Languedoc. The Latin personal name Julianus, whose origins are obscure, but which probably comes from the Greek word "ioulos" which means "soft-haired, downy, and youthful."
Early Origins of the lajullien family
Languedoc, where this noble family held a family seat since ancient times.
Early History of the lajullien family
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Another 745 words (53 lines of text) covering the years 1019, 1257, 1266, 1288, 1366, 1400, 1443, 1469, 1622, 1640, and 1700 are included under the topic Early lajullien History in all our PDF Extended History products and printed products wherever possible.
lajullien Spelling Variations
Throughout the course of history most surnames have undergone changes for many reasons. During the early development of the French language, a son and father may not have chosen to spell their name the same way. Many are simple spelling changes by a person who gave his name, phonetically, to a scribe, priest, or recorder. Many names held prefixes or suffixes which became optional as they passed through the centuries, or were adopted by different branches to signify either a political or religious adherence. Hence, we have many spelling variations of this name, lajullien some of which are Julien, Juliens, Jullien, Juliene, Julliene, Julian, Juliane, Jullian, Julliane, Julienne, Jullienne, Juliens, Julliens, Julienes, Jullienes, Julianes, Jullianes, Julianne, Jullianne, le Julien, de Julien, le Jullien, Joulian, Joulien, Jouliens, Joulianne, Joullien, Joulliens, Joullian, Joulliane, Joulyen, Joulyens, Joullyen, Joullyens, Joulyenne, Joulyennes, Julyen, Julyens, Julyenne, Jylyennes, Jullyen and many more.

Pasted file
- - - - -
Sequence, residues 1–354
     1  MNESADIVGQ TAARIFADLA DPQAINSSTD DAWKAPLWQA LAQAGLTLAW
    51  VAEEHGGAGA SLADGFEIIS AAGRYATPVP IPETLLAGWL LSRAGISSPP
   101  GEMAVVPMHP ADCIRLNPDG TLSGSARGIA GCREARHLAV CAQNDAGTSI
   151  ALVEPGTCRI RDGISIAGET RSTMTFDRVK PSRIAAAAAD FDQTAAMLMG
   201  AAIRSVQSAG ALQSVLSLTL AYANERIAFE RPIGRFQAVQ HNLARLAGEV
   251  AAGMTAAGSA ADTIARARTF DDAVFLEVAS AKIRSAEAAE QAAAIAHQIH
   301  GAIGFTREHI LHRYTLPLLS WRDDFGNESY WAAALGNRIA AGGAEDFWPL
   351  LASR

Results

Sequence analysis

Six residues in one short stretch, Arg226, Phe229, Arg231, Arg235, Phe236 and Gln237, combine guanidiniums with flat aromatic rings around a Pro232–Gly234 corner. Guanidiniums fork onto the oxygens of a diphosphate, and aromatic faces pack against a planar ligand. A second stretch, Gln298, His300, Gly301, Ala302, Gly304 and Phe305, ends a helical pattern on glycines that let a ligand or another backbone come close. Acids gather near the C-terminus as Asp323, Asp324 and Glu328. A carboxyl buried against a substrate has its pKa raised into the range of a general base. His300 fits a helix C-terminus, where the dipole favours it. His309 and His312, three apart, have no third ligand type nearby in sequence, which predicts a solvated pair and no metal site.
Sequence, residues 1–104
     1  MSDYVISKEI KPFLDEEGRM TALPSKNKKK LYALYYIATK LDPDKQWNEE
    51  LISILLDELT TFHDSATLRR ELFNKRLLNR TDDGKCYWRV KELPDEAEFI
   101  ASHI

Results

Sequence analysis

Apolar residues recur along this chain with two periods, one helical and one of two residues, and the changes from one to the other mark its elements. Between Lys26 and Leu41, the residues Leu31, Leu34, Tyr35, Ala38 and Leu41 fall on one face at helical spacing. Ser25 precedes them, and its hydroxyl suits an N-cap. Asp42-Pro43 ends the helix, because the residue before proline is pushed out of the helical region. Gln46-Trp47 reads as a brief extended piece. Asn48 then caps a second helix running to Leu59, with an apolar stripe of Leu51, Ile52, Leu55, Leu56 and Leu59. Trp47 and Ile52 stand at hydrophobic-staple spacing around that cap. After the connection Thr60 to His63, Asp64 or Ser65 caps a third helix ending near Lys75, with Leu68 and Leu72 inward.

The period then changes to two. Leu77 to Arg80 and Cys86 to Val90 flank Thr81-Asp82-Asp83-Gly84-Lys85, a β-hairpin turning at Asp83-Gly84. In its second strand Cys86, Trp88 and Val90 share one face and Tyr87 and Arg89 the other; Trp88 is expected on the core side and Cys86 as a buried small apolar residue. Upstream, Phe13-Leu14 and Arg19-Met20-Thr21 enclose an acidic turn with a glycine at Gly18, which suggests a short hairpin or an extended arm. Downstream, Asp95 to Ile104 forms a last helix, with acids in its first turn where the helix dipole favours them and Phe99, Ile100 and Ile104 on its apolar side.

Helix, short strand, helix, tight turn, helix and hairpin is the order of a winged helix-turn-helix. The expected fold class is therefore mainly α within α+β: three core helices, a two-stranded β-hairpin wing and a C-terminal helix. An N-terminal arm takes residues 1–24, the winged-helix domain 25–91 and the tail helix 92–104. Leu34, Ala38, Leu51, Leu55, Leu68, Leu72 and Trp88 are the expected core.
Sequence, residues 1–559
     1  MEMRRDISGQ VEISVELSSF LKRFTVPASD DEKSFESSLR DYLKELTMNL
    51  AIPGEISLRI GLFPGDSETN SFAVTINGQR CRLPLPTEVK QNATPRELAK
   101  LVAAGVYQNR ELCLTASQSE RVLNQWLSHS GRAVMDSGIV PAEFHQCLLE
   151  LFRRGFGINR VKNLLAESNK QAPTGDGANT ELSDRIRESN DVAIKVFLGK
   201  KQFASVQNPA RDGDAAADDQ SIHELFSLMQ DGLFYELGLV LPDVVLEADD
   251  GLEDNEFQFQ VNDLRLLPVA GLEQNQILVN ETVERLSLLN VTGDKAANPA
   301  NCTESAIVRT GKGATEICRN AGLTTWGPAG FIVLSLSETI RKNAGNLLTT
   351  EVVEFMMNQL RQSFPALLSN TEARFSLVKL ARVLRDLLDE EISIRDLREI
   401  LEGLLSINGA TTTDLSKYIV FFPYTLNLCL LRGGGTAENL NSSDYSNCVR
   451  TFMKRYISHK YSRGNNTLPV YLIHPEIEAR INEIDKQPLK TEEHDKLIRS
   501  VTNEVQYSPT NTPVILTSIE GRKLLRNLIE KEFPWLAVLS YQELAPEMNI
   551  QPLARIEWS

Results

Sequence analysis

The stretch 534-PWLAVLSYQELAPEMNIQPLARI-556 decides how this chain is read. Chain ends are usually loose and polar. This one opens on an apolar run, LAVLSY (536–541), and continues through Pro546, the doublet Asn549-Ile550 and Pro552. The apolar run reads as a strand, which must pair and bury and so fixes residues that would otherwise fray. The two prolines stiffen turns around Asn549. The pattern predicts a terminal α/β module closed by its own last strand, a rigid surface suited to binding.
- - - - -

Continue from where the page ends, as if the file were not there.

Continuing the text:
Early Notables of the lajullien family (pre 1700)
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Migration of the lajullien family to the New World and Oceana
In the 1700s, land incentives were finally given out by France to 2,000 migrants. Early marriage was encouraged in New France, and youths of 18 took fourteen-year-old girls for their wives. The fur trade was developed and attracted migrants, both noble and commoner from France. 15,000 explorers left Montreal in the late 17th and 18th centuries, leaving French names scattered across the continent. The search for the Northwest passage continued. Migration from France to New France or Quebec, as it was now more popularly called, continued until 1759. By 1675, there were 7000 French in Quebec. By the same year the Acadian presence in Nova Scotia, New Brunswick and Prince Edward Island had reached 500. In the treaty of Utrecht, Acadia were ceded by France to Britain in 1713. In 1755, 10,000 French Acadians refused to take an oath of allegiance to England and were deported. They found refuge in Louisiana. Meanwhile, in Quebec, the French race flourished, founding in Lower Canada, one of the two great solitudes which became Canada. Many of this distinguished family name lajullien were prominent in social, cultural, religious and political affairs in France and New France. Amongst the settlers in North America with this distinguished name lajullien were François Julien who settled in Quebec in 1769; Louis Julien settled in Quebec in 1829; Jean Julien settled in Quebec in 1816; Nicolas Julien settled in Quebec in 1813.
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